“She got over it, and we use her for riding lessons now. She’s as good as can be for little ones. And she’s a jumper. We took her to the Kansas Heartland Show as a joke and she just cleaned up with all kinds of ribbons.”
Yes, a lot of misery-based stories are starting a new chapter at Greenwood Stables & Equine Rescue.
Amy Bayes believes her love of horses was genetically determined.
“I believe you’re someone born with a horse gene or you’re not,” she said. “I’ve always liked horses. As soon as I could get one, I used my own money and bought one—and that was when horses actually cost quite a bit.”
After she was married, Bayes bordered horses and worked at a stable. Later, she began working at a race stable and even took a turn at jockeying.
“I carry some guilt about that because the racing industry really abuses horses,” she said. “Horses are just a way to get money. It’s horrible the things they do to them—not all of them, but some of them.
“It’s a place where a lot of kill-buyers get horses.”
Kill-buyers add fuel to Bayes’ fire.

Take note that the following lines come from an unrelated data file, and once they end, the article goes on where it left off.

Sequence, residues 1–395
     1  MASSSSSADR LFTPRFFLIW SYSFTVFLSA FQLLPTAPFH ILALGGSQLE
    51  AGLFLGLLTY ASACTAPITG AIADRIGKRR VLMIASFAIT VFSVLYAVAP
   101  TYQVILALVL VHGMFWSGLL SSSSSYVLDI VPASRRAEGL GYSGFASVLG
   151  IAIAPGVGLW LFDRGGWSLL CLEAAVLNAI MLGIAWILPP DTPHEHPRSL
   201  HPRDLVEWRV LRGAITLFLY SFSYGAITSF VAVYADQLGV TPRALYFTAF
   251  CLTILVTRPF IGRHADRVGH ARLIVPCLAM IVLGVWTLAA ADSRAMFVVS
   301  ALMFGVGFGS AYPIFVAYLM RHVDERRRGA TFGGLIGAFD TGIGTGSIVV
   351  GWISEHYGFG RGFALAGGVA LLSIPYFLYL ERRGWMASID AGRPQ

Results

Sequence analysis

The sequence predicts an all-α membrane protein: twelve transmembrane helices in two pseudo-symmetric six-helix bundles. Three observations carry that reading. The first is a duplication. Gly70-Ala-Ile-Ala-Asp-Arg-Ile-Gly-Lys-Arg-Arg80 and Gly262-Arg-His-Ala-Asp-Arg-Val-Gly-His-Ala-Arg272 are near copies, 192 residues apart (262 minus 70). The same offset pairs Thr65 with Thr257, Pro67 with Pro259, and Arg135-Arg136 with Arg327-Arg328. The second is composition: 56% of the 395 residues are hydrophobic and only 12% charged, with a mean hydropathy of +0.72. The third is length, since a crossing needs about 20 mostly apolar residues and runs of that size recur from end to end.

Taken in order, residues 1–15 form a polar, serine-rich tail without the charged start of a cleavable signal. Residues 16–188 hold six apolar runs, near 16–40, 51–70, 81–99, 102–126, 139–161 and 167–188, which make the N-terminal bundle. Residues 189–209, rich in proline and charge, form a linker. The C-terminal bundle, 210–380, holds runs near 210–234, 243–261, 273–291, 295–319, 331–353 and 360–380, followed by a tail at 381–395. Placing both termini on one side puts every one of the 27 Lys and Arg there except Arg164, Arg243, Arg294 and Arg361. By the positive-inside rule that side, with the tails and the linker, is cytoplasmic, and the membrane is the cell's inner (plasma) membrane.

“Last year 144,000 American horses went to slaughter, and then they ship them to Europe, where it’s a delicacy,” she said. “It’s $10 a pound. They make really good money off of it.”
After slaughtering horses was outlawed in the U.S., the market moved to Mexico, which is not regulated.
“When they kill them, they slice their back so they can’t kick,” Bayes said. “Then they slice them and let them bleed out so it doesn’t hurt the meat. It’s a very agonizing, slow death.
“And it’s a horrible trip there,” she added. “There’s no water, no food, no rest. They travel at night because people harass them.”
Bayes said people are mistaken if they think only old and sick horses are hauled off for slaughter. In reality, 97 percent of them are young and healthy.
“I do not like slaughter,” Bayes said. “However, it’s legal and there’s nothing we can do about it. But it’s just like cattle, pigs or sheep—we should give them the best quality of life until they get there.”